So what happens when you are tabbed to front an iconic band like Yes? For Jon Davison, there was no time for contemplation — and, in some ways, there hasn’t been since. He’s been on a whirlwind of tour dates, most of which feature multiple classic albums that he had to learn from scratch, and then the construction and recording of a new Yes project.
Davison admits, in a new talk with Rene Wiborg, that he’s barely had time to take it all in: “I’m still fully realizing what that means now,” he says. “It’s still unfolding, because it’s in chapters. Now, I’ve done an album with the band. I’ve contributed equally with them in a creative setting — and there’s all of the anticipation we share with that. We’re just getting to know each other better as friends. It’s still very exciting, and rewarding.”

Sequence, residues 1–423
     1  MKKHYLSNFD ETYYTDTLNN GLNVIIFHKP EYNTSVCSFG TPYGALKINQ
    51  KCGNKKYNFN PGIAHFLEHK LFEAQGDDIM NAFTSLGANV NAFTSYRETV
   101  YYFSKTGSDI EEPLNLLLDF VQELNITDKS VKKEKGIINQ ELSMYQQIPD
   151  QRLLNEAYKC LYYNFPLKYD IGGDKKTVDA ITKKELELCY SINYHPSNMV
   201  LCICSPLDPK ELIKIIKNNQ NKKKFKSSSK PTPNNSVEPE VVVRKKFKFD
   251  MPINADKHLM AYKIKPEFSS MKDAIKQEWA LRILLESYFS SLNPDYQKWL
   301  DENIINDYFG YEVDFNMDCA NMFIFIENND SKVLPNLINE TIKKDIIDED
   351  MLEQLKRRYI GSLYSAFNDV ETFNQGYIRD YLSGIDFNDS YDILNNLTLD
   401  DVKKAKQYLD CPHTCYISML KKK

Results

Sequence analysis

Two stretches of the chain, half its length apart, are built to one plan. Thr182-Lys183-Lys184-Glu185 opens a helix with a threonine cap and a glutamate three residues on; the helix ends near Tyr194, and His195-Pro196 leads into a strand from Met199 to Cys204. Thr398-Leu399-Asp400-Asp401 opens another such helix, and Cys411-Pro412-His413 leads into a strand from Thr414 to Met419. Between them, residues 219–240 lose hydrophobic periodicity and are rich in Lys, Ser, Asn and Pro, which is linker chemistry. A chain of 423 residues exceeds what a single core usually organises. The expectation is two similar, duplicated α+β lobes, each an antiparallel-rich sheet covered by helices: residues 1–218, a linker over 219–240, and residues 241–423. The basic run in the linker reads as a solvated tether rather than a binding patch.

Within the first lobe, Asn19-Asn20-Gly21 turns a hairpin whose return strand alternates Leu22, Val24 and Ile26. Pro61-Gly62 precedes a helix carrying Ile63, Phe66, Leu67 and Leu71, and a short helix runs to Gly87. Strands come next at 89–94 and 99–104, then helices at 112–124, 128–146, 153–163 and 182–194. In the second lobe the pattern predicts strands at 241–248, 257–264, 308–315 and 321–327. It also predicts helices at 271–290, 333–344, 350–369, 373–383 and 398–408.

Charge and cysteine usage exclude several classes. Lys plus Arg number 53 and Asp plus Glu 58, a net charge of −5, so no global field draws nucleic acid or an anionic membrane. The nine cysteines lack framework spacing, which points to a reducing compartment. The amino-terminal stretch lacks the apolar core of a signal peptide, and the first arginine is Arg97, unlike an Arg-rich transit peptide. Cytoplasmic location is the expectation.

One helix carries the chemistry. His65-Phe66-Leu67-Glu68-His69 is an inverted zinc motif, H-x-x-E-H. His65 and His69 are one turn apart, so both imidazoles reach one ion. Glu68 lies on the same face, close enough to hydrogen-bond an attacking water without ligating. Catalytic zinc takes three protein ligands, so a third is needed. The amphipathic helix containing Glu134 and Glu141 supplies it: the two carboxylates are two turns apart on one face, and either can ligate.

You’d think some of that realization might have come right away, when Davison was chosen — after a stint in a Yes cover band, and then making some important early contributions to Glass Hammer — to take over as Yes’ frontman some two years ago. Back then, however, Davison couldn’t contemplate the larger dynamic. He had to reorganize his entire life as quickly as possible, in advance of a Australasian tour that had already been booked.
He received the job without even an audition, and was on the road with Yes a month later: “It’s still kind of hitting me now — the full impact of it,” Davison says. “At the time, I just went into survival mode, meaning: ‘OK, my life is dramatically going to change now, at this moment, and I have to get things in order. I have to prepare.’ It was just this very practical state of mind, to get through it. It wasn’t like I was really soaking up the glory of it, because I just had to get focused quickly.”
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